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Aid Workers Withdrawn From Eastern Chad Following Attacks

The U.N. refugee agency reports more than 40 staff and aid workers from private organizations have been withdrawn from the Eastern Chad town of Guereda following a series of armed attacks in the area.   The aid workers have been relocated to the town of Abeche, where UNHCR manages 12 refugee camps for 240,000 refugees from Sudan's conflict-ridden province of Darfur.  Lisa Schlein reports for VOA from UNHCR headquarters in Geneva.

The worst incidents occurred on Wednesday and Thursday when suspected rebels entered the UNHCR compound in Guereda.  They stole five vehicles at gunpoint. 

U.N. refugee spokesman, William Spindler, says the agency is upset that it has been forced to relocate its staff out of the area.  But, he says, it had no other choice.

"The whole region is very volatile and only last December, we lost a staff member in southern Chad.  So, we really need to do everything we can to ensure the safety of our staff," said Mr. Spindler.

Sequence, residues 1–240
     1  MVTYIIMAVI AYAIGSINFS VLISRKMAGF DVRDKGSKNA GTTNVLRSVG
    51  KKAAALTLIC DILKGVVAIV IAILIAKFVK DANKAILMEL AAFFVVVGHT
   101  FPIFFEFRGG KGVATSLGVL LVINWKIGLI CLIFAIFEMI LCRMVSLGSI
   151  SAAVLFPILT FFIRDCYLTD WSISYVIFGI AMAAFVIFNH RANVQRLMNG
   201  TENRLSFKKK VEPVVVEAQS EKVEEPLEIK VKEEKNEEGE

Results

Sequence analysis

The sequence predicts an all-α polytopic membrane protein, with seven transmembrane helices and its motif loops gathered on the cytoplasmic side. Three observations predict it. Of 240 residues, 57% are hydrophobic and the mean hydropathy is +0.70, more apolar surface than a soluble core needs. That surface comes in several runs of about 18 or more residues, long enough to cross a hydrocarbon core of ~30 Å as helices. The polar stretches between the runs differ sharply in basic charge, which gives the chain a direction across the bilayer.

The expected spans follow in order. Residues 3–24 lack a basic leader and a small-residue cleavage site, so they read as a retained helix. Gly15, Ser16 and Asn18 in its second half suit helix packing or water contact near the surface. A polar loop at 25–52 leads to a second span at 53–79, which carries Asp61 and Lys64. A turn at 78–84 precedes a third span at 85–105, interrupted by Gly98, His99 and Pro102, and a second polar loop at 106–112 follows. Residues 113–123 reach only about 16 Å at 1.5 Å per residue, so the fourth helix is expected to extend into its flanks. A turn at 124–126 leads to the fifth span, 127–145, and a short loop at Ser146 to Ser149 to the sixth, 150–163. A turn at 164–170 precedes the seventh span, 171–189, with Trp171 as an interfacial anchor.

Spindler says this is not the first time the UNHCR has had to reduce its presence in the region.  He says there have been similar situations in the past.  He says the agency has made provisions for the refugees.

"Some of the remaining staff in Guereda went to the two refugee camps yesterday to distribute food and water and provide health care," he added.  "They reported that the refugees are very worried about the deteriorating security situation.  Tensions between opposition forces and the Chadian National Army have been mounting since Monday, leading to increased security incidents, especially in Guereda, which lies about 165 kilometers northeast of Abeche.  There are also reports of opposition groups moving towards the capital, N'Djamena, where our staff have been advised to stay at home." 

Further complicating the situation, Spindler says some 2,000 Sudanese refugees from southwest Darfur arrived in Chad a few days ago and nearly 6,000 refugees from the Central African Republic have arrived in several border villages in southern Chad over the past few weeks.

The UNHCR cares for an estimated 240,000 refugees from Darfur in 12 sprawling camps and 180,000 internally displaced Chadians in the east. 

Spindler says the camps have been officially handed over to refugee leaders to manage until the aid workers are able to return and resume humanitarian operations.

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